Chordates & Craniates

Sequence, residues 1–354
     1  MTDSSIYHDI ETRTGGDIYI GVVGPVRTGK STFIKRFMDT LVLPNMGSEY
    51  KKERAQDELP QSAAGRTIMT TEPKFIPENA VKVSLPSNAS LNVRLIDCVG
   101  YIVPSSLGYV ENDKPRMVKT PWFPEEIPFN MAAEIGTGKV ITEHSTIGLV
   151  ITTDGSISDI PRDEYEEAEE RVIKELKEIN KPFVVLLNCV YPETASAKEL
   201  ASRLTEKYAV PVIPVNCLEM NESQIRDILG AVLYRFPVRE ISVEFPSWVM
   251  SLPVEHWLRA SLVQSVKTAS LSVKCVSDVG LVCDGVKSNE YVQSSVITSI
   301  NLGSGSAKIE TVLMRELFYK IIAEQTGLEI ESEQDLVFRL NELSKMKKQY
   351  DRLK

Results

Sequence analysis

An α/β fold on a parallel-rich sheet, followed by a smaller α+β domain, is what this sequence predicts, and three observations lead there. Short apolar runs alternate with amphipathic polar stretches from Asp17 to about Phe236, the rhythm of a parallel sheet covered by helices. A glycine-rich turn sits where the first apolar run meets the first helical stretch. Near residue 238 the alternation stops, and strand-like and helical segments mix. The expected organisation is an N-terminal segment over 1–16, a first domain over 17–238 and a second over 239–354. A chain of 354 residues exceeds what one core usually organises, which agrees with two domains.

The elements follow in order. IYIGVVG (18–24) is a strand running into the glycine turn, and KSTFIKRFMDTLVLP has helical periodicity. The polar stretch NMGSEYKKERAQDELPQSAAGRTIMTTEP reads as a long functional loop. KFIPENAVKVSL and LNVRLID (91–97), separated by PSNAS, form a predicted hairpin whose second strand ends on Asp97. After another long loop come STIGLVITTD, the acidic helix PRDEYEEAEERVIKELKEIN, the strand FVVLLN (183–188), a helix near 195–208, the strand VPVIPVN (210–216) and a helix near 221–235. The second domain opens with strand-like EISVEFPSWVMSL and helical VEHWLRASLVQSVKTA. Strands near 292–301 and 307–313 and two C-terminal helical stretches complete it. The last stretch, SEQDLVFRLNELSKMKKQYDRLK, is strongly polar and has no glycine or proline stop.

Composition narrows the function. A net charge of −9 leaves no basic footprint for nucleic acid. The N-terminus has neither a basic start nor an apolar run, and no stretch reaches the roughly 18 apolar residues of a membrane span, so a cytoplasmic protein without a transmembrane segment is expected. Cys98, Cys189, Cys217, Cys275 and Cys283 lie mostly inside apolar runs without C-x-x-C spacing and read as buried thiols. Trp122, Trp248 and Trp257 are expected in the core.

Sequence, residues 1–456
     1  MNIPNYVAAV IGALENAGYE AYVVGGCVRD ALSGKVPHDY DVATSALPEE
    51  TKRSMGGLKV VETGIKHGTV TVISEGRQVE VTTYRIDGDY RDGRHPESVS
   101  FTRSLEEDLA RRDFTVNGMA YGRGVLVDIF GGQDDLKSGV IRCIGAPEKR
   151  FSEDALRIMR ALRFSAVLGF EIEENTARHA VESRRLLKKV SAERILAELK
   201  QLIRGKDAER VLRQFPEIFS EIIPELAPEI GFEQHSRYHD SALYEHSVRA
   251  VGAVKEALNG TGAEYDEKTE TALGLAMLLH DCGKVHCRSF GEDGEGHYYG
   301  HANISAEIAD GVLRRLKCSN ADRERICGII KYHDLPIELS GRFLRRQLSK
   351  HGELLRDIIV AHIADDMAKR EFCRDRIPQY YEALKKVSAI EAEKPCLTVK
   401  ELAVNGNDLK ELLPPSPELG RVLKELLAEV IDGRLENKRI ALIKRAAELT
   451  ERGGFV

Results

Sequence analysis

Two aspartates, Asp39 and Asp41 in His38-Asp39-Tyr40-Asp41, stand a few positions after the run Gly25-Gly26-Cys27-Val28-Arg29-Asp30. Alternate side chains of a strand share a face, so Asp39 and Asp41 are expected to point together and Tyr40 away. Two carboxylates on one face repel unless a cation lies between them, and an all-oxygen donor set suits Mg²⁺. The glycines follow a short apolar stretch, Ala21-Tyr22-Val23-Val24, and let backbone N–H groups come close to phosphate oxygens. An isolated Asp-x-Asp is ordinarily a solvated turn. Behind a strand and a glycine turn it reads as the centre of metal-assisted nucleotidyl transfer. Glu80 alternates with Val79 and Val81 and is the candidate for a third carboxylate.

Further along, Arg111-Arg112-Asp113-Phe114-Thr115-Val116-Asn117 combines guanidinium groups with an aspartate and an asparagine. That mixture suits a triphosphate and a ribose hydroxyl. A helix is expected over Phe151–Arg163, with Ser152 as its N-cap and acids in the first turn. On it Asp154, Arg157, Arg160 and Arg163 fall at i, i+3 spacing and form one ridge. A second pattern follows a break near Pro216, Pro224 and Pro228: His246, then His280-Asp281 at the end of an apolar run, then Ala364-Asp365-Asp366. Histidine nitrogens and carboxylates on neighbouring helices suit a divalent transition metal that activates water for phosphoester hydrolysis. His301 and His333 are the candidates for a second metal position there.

Fishes are vertebrates and belong to the subphylum Craniata of the phylum Chordata. This phylum also includes two other subphyla, the Urochordata and the Cephalochordats, which have been treated in the Guide to Invertebrate Animals. Chordates are eucoelomate animals, that is their main body cavity, containing most of the large organ systems, is a true coelom. In this respect they resemble a number of invertebrate groups, such as the annelids and echinoderms. Again, in all chordates there is a characteristic deuterostomous pattern of embryological development in which the anus forms at the site of the blastopore. This is also a feature of the echinoderms, hemichordates and Chaetognatha. It contrasts quite sharply with the proterostomous development (where the blastopore becomes the mouth) of most invertebrates, such as annelids, arthropods and molluscs. Thus in their anatomy and embryology the chordates are linked in various ways with the lower phyla.
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